You don't need to argue, Thomas. I go into this subject very deeply in my book, but it all boils down to whether or not, a partial adjustment of the ship's clock had taken place a few minutes before hitting the iceberg.

In fact, the first CQD was not sent out at 10-25 New York (EST) time, it was sent out before that and we have. the evidence for that from the cv of the Mount Temple and the notes supplied to her captain by his R/O.
Every report you see written or talked about contains the 10-25 pm time combined with the distress position coordinates worked by Boxhall... not Captain Smith.
There is also evidence to show that the moment of impact took place at exactly 10-00 am EST. It comes from a crew member clock that was fully set back 47 minutes. So humour me and note the following:
If impact took place at 11-40 pm on a partially adjusted Crew member clock, then the equivalent time at New York would actually be 10-02 pm. and 15 minutes after that would be 11-55 pm ship - 10-17 pm New York...the time Captain Smith sent the first distress message. Think about it.
 
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Samuel Halpern

Samuel Halpern

Member
The sad thing about the evacuation was that every traveling family, i.e., women, child and husband, could have been saved from all classes if there was a concerted way to get them first to the boats. There was 442 women (of which 419 were passengers) and 103 children on board. That's only 545 out of a total complement of 2207 traveling on the ship.
 
Mike Spooner

Mike Spooner

Member
Just imagine how crammed collapsible Engelhardt lifeboat C was that night, in there were between 39 to 45 people in it instead of the 35 people in the picture of collapsible Engelhardt lifeboat D.
I am struggling to count 30 in that boat. Where the other 17 fit into the boat I can't quite see it. Then there is the problem if 47 are in the boat, is there enough room to row the boat?
 
Mike Spooner

Mike Spooner

Member
The sad thing about the evacuation was that every traveling family, i.e., women, child and husband, could have been saved from all classes if there was a concerted way to get them first to the boats. There was 442 women (of which 419 were passengers) and 103 children on board. That's only 545 out of a total complement of 2207 traveling on the ship.
If there are 2207 on board life boat capacity is1178. That still leaves another 1029 on board!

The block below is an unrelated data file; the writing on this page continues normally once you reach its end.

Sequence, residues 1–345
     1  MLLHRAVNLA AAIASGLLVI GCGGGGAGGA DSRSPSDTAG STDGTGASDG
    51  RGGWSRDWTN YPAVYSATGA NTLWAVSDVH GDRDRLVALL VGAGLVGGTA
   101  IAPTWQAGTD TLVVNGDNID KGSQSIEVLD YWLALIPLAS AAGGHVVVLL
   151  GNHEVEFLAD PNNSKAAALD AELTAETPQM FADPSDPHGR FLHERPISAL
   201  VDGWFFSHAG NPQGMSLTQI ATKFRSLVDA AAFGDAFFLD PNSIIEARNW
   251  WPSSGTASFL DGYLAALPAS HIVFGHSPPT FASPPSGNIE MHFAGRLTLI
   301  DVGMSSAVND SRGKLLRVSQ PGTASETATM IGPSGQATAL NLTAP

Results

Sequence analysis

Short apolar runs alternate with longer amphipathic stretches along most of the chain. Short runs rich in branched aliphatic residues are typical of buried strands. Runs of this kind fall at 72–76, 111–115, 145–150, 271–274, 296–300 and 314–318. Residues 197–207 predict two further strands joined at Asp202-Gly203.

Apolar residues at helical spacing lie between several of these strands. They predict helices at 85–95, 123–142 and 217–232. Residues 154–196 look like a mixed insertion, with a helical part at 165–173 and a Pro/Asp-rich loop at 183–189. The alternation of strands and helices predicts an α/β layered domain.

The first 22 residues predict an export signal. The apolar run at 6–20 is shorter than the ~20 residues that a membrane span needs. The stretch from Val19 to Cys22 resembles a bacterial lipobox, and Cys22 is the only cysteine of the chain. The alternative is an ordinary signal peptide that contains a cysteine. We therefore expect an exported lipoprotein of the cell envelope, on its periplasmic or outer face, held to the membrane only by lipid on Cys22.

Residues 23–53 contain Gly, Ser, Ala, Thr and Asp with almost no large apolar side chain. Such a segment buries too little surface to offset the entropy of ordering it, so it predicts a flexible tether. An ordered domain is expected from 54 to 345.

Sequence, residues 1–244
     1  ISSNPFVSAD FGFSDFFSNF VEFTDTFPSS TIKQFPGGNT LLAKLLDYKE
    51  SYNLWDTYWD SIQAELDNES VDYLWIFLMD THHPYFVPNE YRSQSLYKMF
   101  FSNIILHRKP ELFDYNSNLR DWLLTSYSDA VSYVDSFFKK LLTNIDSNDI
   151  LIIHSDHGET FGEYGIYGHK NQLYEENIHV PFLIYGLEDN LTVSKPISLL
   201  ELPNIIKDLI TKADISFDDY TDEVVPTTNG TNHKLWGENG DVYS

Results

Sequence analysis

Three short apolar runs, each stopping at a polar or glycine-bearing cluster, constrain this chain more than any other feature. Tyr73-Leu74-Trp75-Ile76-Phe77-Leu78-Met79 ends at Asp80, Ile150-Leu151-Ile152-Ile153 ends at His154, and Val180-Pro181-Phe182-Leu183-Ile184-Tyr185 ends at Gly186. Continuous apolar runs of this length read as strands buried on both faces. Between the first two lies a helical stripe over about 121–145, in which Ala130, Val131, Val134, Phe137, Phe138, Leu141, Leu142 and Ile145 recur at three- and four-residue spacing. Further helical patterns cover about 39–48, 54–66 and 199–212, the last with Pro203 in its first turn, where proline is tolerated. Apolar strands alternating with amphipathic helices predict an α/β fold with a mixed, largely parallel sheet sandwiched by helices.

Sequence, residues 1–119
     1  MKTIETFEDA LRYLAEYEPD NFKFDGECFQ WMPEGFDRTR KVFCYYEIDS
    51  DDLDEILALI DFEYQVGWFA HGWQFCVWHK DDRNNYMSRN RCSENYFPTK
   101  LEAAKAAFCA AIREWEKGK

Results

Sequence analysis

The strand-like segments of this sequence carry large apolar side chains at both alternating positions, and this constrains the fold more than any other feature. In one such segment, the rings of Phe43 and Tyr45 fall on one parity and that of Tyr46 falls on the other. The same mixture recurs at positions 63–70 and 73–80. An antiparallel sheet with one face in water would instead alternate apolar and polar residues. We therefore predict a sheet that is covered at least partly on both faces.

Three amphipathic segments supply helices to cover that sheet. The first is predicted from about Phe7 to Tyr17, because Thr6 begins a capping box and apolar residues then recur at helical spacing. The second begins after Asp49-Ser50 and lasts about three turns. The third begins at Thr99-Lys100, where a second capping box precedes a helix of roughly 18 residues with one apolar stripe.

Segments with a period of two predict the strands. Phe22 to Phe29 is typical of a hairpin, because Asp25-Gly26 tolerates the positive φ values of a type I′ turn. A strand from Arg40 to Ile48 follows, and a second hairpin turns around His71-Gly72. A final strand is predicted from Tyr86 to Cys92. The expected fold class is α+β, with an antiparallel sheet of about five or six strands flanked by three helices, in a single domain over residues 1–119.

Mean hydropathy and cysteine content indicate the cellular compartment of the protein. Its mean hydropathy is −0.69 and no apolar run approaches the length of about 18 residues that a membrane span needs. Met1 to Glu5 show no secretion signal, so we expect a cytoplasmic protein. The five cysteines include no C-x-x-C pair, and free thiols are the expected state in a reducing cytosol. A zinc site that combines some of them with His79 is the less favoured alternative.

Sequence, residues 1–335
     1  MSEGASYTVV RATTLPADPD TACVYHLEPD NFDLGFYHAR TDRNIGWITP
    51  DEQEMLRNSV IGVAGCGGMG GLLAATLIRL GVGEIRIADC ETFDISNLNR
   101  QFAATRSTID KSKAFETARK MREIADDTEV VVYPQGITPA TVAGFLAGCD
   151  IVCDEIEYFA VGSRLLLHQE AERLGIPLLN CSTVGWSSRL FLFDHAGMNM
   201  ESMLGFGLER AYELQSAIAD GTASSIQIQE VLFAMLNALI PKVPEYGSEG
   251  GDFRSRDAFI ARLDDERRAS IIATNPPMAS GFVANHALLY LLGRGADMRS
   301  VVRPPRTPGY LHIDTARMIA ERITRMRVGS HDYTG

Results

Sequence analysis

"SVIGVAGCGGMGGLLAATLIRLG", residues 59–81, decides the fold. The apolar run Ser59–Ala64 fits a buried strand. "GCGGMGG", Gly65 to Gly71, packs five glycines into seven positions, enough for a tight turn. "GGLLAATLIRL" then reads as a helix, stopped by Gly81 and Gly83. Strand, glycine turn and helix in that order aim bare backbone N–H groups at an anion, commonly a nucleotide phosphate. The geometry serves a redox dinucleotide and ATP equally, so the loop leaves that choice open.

M

Mike D726

Member
You must have misunderstood me, Mike. There was nothing wrong with the boats or the davits... just the method of lowering which was standard for the times.
I've gained a better understanding of your point(s) by reading subsequent posts. Thank you.
I believe you are saying that it was unsafe (or at least risky) to lower the boats at full weight from the decks where they were swung out.
Was the plan to load them full once in the water, and if so, why did it not happen? Do we have any information on this? Was it because of how little time they had and the chaos going on?
I have read on this board and elsewhere that the gangway doors were opened for the purpose of loading additional passengers, but this obviously never happened.
On another note, I see that the first distress calls were received by the La Provence, Mount Temple and at Cape Race at approximately 12:15am Titanic time.
 
Samuel Halpern

Samuel Halpern

Member
On another note, I see that the first distress calls were received by the La Provence, Mount Temple and at Cape Race at approximately 12:15am Titanic time.
That 12:15 time came about because the British Wreck Commission decided that Titanic was 1hr 50m ahead of NY time. They were wrong. Anyway, their 12:15 time corresponded to 10:25pm mean time in NY.
 
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Mike D726

Member
That 12:15 time came about because the British Wreck Commission decided that Titanic was 1hr 50m ahead of NY time. They were wrong. Anyway, their 12:15 time corresponded to 10:25pm mean time in NY.
What time do you believe the first calls were sent? Looking to learn here. I was reading the British report.
 
Steven Christian

Steven Christian

Member
What time do you believe the first calls were sent? Looking to learn here. I was reading the British report.
Since you asked Mr. Halpern I'll take the liberty to post a link that he posted in another thread here on ET. I don't think he'll mind. In my opinion its a very good article from Paul Lee's site. I like it because of the side notes. I'll post another link that I found useful but be prepared to get confused at times when dealing with the different times. One aspect of the radio traffic I have found interesting is that after Titanic struck the berg it took 35-45 minutes for them to send out the first distress call depending on what time stamp scale you use. During that time they were still sending personal messages of the paying customers aboard and chatting with other radio operators. The links will keep you busy for awhile. Good for a rainy day. Cheers.